The number of older Germans living on meager means has increased 25 percent in ten years, a report says. The opposition Left party says the government isn't doing enough for some of the nation's most vulnerable people.
German media reported on Saturday that some 5.6 million residents over 55 were living in poverty or affected by social marginalization. This is a stark increase - nearly 25 percent - from a decade ago, when the number stood at 4.5 million.
The newspaper "Passauer Neue Presse" published the numbers, collected by the EU statistics agency Eurostat. In the statistics, people are considered as living in poverty or being "socially marginalized" if they earn under 60 percent of the average income in their respective country.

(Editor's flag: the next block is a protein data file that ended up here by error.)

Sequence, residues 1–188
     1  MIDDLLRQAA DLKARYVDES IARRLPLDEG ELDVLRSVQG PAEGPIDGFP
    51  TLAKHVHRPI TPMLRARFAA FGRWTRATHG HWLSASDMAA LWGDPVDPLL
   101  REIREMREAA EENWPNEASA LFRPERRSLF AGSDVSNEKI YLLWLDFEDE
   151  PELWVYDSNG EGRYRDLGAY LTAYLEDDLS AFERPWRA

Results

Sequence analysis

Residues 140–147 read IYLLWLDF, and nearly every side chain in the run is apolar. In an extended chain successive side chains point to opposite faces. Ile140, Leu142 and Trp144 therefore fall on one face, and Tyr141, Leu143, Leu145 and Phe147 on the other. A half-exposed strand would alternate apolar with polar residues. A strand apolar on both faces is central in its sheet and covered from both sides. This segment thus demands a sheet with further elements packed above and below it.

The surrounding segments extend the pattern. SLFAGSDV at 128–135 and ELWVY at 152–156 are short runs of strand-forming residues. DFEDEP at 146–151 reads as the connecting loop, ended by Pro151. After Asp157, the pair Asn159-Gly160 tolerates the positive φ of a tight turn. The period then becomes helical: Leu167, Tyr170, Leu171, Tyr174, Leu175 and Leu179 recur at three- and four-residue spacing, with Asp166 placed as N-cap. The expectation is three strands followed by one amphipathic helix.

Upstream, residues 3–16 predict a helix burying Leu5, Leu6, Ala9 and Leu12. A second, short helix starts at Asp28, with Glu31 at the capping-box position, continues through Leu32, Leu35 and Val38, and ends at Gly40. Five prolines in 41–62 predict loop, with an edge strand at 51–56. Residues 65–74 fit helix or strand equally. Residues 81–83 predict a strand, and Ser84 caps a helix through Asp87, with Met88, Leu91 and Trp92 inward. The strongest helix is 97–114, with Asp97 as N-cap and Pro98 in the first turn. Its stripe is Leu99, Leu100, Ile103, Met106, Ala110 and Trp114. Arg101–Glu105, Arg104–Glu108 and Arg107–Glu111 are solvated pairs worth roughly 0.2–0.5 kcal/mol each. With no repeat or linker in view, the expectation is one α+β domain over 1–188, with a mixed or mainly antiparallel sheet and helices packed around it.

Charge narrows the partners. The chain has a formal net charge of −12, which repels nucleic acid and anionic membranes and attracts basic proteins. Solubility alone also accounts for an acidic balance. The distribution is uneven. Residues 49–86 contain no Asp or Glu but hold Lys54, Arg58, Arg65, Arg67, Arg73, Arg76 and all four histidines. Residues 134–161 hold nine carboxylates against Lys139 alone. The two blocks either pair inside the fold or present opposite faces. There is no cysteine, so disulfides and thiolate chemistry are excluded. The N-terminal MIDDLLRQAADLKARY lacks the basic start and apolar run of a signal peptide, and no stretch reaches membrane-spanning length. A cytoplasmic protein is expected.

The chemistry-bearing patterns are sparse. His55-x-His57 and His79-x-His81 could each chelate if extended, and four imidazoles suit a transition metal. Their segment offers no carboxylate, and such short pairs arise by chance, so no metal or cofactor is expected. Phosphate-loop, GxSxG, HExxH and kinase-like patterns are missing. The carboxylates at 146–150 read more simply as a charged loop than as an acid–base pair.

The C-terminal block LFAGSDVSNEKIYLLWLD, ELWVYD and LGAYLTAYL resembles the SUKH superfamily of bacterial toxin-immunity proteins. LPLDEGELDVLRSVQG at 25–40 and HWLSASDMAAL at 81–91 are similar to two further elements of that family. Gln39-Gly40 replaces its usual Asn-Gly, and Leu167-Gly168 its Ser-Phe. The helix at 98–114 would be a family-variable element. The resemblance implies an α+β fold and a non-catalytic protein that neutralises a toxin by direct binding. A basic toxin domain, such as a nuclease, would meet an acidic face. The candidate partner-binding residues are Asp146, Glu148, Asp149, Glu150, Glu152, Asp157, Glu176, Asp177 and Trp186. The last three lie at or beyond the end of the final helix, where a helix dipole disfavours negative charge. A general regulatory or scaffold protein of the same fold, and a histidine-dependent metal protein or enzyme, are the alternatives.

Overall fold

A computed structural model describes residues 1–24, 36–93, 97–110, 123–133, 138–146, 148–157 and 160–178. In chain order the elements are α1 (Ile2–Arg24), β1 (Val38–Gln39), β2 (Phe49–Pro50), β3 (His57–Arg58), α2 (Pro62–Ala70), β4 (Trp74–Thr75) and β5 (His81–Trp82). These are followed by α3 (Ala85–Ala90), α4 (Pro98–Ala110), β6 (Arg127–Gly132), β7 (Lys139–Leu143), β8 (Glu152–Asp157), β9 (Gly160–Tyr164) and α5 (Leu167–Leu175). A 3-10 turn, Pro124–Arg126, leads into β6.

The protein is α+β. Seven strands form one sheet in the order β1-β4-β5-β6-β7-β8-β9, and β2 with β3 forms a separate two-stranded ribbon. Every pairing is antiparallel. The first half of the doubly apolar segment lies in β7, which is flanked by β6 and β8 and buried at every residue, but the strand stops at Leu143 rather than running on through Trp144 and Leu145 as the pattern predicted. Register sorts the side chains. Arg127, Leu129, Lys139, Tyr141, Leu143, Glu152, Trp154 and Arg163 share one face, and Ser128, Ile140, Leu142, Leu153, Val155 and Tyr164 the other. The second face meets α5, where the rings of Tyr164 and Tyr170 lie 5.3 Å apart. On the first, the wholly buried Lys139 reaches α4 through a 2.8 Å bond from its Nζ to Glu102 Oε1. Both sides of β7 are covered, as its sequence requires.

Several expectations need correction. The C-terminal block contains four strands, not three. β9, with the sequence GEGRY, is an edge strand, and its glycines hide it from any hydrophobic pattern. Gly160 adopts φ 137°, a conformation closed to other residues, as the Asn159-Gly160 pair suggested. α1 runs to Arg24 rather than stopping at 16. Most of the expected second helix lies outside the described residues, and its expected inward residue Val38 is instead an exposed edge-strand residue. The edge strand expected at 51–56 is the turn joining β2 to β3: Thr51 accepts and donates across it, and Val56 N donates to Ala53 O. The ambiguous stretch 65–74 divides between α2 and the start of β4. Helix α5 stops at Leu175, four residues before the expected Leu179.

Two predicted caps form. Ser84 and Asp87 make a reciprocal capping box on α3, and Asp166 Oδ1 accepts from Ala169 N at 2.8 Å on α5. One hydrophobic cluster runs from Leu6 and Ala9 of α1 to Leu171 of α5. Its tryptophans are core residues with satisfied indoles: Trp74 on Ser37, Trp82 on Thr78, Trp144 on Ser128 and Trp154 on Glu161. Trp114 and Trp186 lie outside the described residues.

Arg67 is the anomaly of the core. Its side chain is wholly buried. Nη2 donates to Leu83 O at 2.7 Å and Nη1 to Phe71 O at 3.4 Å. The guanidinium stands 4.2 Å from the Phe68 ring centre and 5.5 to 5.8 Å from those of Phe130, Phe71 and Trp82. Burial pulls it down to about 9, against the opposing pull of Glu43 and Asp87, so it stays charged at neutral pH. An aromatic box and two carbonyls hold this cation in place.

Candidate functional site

At 20.7 percent, the rate of poverty among the elderly in Germany is just under the EU average of 20.9 percent. But it is far above that in neighboring Netherlands, which has just 11.9 percent of its elderly population in dire financial straits.
"Poverty is spreading all over Germany," said Sabine Zimmerman, a member of parliament with the opposition Left party who analyzed the statistics. "Fighting poverty requires an all-encompassing plan that the current government doesn't appear to be concerned about."
She called for a federal minimum wage of 12 euros ($13.50) and more support for older citizens who are unemployed.